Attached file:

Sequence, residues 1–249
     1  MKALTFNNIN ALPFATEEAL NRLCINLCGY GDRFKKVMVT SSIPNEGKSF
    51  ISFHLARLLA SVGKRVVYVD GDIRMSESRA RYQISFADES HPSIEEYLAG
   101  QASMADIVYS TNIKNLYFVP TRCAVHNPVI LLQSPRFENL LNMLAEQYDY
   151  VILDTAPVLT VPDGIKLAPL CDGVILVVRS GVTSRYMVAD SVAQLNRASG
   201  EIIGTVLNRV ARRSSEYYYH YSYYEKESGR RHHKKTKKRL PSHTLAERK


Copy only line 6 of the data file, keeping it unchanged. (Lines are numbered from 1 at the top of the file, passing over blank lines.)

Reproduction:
   201  EIIGTVLNRV ARRSSEYYYH YSYYEKESGR RHHKKTKKRL PSHTLAERK